If this seems reasonable to you guys, what I was thinking of was also partitioning the STORAGE drive in a 32bit/64bit(FAT32/NTFS) sort of way.




FAT32 is a file system that stores data in 32-bit clusters, it's nothing to do with 32-bit CPU architectures. NTFS is the default file system for Windows XP and Windows 7 and has superseded FAT32.


Post Extras: Print Post   Remind Me!   Notify Moderator     Back to top
Maestro_T



Joined: 20/01/08
Posts: 126
Re: Dual boot set up new [Re: Scramble]
      #1047153 - 08/05/13 02:29 PM
Hi Scramble,

Many many thanks for the reply. I know 32bit 64bit are not the same as FAT32/NTFS. I just referred to both so that more people would have an idea of what I am talking about.

Quote Scramble:

Just use NTFS, both XP and W7 can read that.




That was exactly the kind of answer I was looking for!!!

I knew (or at least heard) that one of them had problems reading the other - so I was hoping to avoid that issue all together. I'll just use NTFS.

Quote Scramble:


Whether you go for partitions is up to you, sometimes people find it useful, but sometimes you end up needing to resize them and that's a hassle.

As for the dual boot, you can install the two OSs on different partitions on the same drive. But personally I find it better (for various reasons), and easier, to install the OSs on two different drives, and switch between them when necessary using the BIOS. Once you have W7 going you shouldn't need to use XP much (but it is useful in case something goes wrong, or you need to do a virus scan from a safe vantage point). But, like I said, you can do it on different partitions if you want.




I would like to do the occasional virus scan, and I still have a few synth editors etc which I don't believe will run on Win7 (I'll start trying them one by one). Why do you find it better/easier to install the OS's on different drives? Any "real" advantages? I'd like to keep the second drive purely for STORAGE. I was thinking of partitioning it as it would make defrags easier (quicker) than performing them on a 2TB drive all at once. Just do the maintenance on the appropriate partition - and defrag (whatever) the others at another time(overnight while I finally get some sleep). I think I'll just use the NTFS formatted USB drives for libraries and record to the internal storage drive.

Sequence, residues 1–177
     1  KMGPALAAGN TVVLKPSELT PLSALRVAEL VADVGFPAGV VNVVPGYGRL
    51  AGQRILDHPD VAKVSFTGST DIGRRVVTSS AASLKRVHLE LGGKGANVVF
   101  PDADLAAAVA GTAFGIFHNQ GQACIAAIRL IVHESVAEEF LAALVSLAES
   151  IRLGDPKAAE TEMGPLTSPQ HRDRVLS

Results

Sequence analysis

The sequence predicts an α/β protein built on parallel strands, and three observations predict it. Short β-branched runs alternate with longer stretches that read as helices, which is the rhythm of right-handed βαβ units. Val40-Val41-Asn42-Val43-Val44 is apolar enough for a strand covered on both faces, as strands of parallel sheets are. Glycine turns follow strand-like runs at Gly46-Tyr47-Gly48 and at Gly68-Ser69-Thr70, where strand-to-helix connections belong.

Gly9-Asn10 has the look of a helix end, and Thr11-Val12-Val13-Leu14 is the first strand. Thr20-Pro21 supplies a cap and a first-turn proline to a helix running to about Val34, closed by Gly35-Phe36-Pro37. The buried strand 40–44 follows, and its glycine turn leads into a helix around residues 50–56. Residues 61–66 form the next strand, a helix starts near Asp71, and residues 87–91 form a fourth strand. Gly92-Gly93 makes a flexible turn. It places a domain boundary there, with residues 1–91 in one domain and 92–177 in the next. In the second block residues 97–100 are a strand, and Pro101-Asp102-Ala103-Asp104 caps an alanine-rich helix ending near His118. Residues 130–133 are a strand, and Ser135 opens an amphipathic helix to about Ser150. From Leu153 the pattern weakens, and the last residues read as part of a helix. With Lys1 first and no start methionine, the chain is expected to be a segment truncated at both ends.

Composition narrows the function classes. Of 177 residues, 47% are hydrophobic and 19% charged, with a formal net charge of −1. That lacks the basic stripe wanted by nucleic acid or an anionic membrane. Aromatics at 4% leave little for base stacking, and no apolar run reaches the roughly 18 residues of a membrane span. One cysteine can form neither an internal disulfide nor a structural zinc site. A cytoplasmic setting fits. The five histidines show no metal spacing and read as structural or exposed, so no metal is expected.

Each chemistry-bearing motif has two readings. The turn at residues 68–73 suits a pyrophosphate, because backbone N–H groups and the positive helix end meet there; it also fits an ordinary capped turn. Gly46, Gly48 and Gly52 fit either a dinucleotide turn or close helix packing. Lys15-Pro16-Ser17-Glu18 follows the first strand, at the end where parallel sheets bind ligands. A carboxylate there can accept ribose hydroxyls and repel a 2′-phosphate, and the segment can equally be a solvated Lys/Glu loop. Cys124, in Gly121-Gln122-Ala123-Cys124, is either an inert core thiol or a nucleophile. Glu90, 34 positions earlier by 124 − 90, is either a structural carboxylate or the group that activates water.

Again, thanks for the reply.

Keep the suggestions coming. I'm away from home and plan to get this sorted at the weekend.

T


Post Extras: Print Post   Remind Me!   Notify Moderator     Back to top
Exalted Wombat



Joined: 06/02/10
Posts: 5918
Re: Dual boot set up new [Re: Maestro_T]
      #1047166 - 08/05/13 02:54 PM
Quote Maestro_T:

I'm in the midst of setting up a new PC for a DAW. I've finally gone Win7 64 bit(I'm not interested in Win8 yet). I have one of the few multi-io midi interfaces that will work on this OS on order (ESI-MU8XL).




The Edirol ones work OK. And there's even a W7 driver from Steinberg for the Midex 3 and Midex 8 now. I must dig mine out and try it (not that I need that many MIDI ports any more, but it might make my Midex 8 sellable).


Post Extras: Print Post   Remind Me!   Notify Moderator     Back to top
Scramble
active member


Joined: 11/09/02
Posts: 2235
Re: Dual boot set up new [Re: Maestro_T]
      #1047169 - 08/05/13 02:59 PM
>Why do you find it better/easier to install the OS's on different drives? Any "real" advantages?

Microsoft's own multi-boot system can sometimes cause problems (although not usually). Also, if the drive crashes then you lose both OSs at once. But no great advantages to doing it my way. (If you do do it my way, get an SSD for W7, if you have the money and a spare HDD slot, and put XP on one of the other drives).

>I was thinking of partitioning it as it would make defrags easier (quicker) than performing them on a 2TB drive all at once.

W7 doesn't have defragmenting any more, so there's no need to worry about that. [Edit: actually it does, but you don't seem to need to run it like you did in XP.]